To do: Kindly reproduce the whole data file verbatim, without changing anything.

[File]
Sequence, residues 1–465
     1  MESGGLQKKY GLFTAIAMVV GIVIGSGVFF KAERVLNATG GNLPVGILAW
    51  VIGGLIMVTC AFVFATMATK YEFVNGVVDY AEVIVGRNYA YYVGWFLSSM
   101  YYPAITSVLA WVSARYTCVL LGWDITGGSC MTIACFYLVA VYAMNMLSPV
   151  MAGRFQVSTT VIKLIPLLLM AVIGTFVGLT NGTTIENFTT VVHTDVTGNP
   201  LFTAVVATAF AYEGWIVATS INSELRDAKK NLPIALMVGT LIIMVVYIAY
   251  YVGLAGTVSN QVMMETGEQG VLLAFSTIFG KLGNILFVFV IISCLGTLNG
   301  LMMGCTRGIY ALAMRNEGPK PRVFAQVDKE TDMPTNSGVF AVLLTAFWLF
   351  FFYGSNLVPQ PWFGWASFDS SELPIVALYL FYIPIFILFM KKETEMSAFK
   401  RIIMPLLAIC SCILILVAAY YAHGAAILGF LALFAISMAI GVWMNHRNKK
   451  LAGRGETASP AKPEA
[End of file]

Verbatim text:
Sequence, residues 1–465
     1  MESGGLQKKY GLFTAIAMVV GIVIGSGVFF KAERVLNATG GNLPVGILAW
    51  VIGGLIMVTC AFVFATMATK YEFVNGVVDY AEVIVGRNYA YYVGWFLSSM
   101  YYPAITSVLA WVSARYTCVL LGWDITGGSC MTIACFYLVA VYAMNMLSPV
   151  MAGRFQVSTT VIKLIPLLLM AVIGTFVGLT NGTTIENFTT VVHTDVTGNP
   201  LFTAVVATAF AYEGWIVATS INSELRDAKK NLPIALMVGT LIIMVVYIAY
   251  YVGLAGTVSN QVMMETGEQG VLLAFSTIFG KLGNILFVFV IISCLGTLNG
   301  LMMGCTRGIY ALAMRNEGPK PRVFAQVDKE TDMPTNSGVF AVLLTAFWLF
   351  FFYGSNLVPQ PWFGWASFDS SELPIVALYL FYIPIFILFM KKETEMSAFK
   401  RIIMPLLAIC SCILILVAAY YAHGAAILGF LALFAISMAI GVWMNHRNKK
   451  LAGRGETASP AKPEA